Prop your feet up with pillows so that gravity can help out. Start at the toes and gradually work up to the lymphatic drainage points behind your knee in fluid, stroking movements to push the fluid up and away.
Diuretics are a type of medicine that reduce fluid build-up by increasing urine production. They are most commonly used when a swollen foot is caused by heart failure. They are not appropriate for every case of swelling so do discuss them with your doctor before taking them.
Avoid wearing clothes that are tight especially around the thighs to allow circulation to flow freely in the legs. Also avoid wearing shoes that are too tight as they can restrict blood flow.
A good tip is to go shoe shopping at the end of the day as our feet often swell slightly as the days goes by. Choose shoes with laces or Velcro so that they can be made looser or tighter as foot swelling fluctuates.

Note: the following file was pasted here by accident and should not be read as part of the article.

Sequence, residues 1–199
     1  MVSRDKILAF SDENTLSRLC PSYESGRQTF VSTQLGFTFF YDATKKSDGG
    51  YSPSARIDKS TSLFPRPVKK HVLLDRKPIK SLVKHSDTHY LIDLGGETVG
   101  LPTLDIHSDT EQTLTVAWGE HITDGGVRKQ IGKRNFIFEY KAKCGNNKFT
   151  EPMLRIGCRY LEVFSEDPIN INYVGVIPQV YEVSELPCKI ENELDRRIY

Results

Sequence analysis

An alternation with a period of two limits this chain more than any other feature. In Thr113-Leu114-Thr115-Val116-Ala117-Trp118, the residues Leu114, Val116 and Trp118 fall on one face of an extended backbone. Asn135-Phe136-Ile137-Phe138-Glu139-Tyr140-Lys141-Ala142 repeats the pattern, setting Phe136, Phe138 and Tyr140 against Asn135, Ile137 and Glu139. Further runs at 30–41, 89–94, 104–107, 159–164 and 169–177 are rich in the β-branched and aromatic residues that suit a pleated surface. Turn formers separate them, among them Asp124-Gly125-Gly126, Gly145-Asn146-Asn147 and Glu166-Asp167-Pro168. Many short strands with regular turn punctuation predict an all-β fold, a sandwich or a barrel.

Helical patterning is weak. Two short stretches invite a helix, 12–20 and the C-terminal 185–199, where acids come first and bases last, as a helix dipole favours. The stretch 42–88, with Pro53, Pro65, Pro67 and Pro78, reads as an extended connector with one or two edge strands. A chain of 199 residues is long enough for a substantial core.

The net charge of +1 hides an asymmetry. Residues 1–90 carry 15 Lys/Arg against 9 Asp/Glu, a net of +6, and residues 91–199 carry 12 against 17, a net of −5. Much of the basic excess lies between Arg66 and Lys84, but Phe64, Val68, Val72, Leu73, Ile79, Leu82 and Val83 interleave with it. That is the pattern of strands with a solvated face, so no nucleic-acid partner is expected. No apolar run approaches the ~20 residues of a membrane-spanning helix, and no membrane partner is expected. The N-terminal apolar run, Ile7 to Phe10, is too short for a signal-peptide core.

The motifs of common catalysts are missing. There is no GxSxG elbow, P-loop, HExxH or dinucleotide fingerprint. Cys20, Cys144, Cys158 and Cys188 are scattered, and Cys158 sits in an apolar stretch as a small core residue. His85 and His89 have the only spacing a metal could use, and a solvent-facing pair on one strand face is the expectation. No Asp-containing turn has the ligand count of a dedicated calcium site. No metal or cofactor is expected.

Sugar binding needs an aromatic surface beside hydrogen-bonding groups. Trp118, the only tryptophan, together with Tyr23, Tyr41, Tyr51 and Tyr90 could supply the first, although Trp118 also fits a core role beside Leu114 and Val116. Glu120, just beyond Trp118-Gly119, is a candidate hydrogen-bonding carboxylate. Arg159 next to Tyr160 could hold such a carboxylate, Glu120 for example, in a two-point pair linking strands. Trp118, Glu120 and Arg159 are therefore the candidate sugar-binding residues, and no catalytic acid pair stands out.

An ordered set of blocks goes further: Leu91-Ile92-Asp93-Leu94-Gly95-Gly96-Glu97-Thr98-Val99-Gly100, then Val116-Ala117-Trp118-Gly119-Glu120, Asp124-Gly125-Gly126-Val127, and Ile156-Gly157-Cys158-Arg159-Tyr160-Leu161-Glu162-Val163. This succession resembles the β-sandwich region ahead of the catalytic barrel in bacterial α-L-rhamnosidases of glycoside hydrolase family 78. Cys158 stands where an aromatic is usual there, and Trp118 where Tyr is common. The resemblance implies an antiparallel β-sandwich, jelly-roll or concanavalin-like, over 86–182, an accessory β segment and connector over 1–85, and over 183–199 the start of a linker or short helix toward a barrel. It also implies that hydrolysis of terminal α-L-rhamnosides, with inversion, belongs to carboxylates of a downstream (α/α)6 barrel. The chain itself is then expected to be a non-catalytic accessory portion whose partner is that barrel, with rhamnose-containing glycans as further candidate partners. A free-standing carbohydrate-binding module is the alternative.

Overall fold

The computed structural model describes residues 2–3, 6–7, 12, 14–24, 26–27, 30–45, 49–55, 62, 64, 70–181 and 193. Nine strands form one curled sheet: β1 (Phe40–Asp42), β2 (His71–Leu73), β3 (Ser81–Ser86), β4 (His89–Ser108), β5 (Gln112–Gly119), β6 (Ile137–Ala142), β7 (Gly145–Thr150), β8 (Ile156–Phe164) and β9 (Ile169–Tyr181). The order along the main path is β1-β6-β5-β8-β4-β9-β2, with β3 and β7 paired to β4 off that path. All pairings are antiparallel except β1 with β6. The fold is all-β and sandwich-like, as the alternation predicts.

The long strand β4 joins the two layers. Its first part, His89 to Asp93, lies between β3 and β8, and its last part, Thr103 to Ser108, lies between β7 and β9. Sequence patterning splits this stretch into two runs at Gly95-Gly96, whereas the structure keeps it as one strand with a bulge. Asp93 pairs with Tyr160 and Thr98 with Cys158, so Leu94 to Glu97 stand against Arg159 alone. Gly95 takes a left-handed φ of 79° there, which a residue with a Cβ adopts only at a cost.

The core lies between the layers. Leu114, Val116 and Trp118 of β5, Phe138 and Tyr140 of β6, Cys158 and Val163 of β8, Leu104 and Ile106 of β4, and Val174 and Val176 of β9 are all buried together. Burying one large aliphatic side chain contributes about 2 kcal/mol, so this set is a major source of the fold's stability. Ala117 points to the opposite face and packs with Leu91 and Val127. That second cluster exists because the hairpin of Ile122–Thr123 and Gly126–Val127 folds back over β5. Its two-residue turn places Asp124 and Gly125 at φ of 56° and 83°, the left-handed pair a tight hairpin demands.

Losing excess weight reduces the force and pressure going through your feet and can help to relieve the symptoms of a swollen foot. This is only appropriate if you are over-weight. Always discuss weight loss programmes with your doctor.
Most of the time, a swollen foot is nothing to worry about. However, there are a few occasions when it can be a medical emergency. If you have sudden, profuse swelling, redness, warmth, pain, shortness of breath or a temperature, see you doctor immediately.
Also, if your swollen foot fails to improve after a few days, get it checked out.
In order to choose the best treatment for you, it is important to know what is causing your swollen foot. Most times, the swelling is merely a symptom of an underlying problem so it is important to work out what is going on.
Visit the Common Causes of Foot Swelling section to find out more about the ten most common causes of swelling and the different types to help you work out the root cause of your swollen foot.
For other ideas on treating foot pain and swelling, visit the Foot Pain Treatment section.
Page Last Updated: 14/01/19
Next Review Due: 14/01/21